An editorial from the Washington Post whose sentiment struck me as quite beautiful:
ON AND AROUND Dec. 25, 1914, many of the men fighting in the recently inaugurated war in Europe stopped for a short time to observe what came to be known as the "Christmas Truce." They sang carols back and forth, then came out of the trenches to meet, play a bit of soccer, share some food. "Just before dinner I had the pleasure of shaking hands with several Germans," a British soldier wrote in a letter home. "[A] party of them came 1/2 way over to us so several of us went out to them. I exchanged one of my balaclavas for a hat. I've also got a button off one of their tunics. We also exchanged smokes etc. and had a decent chat. . . . We can hardly believe that we've been firing at them for the last week or two -- it all seems so strange."
Normality was not long in returning. The Great War resumed in earnest, further spontaneous truces were discouraged in the interest of good military order, and by Christmas Day 1918 nearly 10 million men had died at war, along with some 10 million civilians. And of course it was still early in the century, the 20th since the birth of Jesus of Nazareth, an event whose significance had been proclaimed in the Book of Luke in words that resonated among people of every faith and following: "Peace on earth, goodwill toward men." Literally uncounted millions more were yet to perish in the wars, pogroms, purges, ethnic relocations and other acts of organized violence that culminated in the Second World War, which was in turn followed by a long "peace" in which uncounted millions more were killed.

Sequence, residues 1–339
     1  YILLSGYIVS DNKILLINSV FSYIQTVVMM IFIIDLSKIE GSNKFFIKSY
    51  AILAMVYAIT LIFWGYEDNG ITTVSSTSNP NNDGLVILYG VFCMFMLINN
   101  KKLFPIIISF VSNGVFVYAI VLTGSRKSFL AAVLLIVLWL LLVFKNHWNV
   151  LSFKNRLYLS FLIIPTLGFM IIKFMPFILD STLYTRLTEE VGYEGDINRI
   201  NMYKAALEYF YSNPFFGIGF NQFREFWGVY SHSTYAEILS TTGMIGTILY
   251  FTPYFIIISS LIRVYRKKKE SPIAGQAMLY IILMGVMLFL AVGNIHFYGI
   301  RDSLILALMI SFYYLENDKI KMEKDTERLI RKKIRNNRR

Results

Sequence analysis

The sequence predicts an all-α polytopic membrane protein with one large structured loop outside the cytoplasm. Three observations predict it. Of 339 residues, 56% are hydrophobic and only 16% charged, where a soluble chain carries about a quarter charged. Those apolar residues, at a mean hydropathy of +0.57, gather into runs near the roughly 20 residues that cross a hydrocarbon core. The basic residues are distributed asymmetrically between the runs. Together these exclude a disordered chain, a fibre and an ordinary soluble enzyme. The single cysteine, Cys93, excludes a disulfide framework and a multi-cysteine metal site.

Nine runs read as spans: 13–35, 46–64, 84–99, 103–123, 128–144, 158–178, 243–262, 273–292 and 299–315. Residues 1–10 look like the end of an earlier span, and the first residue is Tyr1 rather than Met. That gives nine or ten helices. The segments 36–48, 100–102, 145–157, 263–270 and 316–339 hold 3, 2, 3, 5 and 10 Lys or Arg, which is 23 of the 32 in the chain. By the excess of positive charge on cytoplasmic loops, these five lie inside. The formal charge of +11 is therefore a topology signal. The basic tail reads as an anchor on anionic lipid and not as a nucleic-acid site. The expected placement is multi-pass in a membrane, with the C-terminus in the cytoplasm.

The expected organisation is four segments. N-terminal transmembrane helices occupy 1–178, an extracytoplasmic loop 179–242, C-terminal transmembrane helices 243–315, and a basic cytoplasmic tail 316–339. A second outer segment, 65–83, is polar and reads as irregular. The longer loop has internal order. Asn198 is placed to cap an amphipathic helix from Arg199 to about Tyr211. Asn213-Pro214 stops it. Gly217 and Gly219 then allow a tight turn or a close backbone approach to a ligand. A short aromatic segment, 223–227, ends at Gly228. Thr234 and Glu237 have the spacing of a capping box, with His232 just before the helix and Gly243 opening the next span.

The odd thing is that so much of the horror has been so mindless -- not part of a struggle for food, land or dominance or even of long-simmering discord between one group of people and another, but rather a puzzling eruption of hatred toward entire categories of people suddenly found, for no good reason, to be threatening, deviant, dangerously different -- the cause of all problems real and imagined.
Some students of the subject voice cautious optimism that the impulse to such violence is gradually declining or is being reined in. But then, of course, they thought that a hundred years ago, too. There was confidence then that the forces of education and technological and economic advancement would move civilization forward into an era of prosperity and understanding in which peoples would no longer wage war on one another. Perhaps by now we comprehend that while there is some truth in this, what is far more important than all the engines of progress is simply to understand and truly feel what it was that moved the hearts of the men who put down their guns and walked across a blasted field toward their enemies on Christmas Day 1914.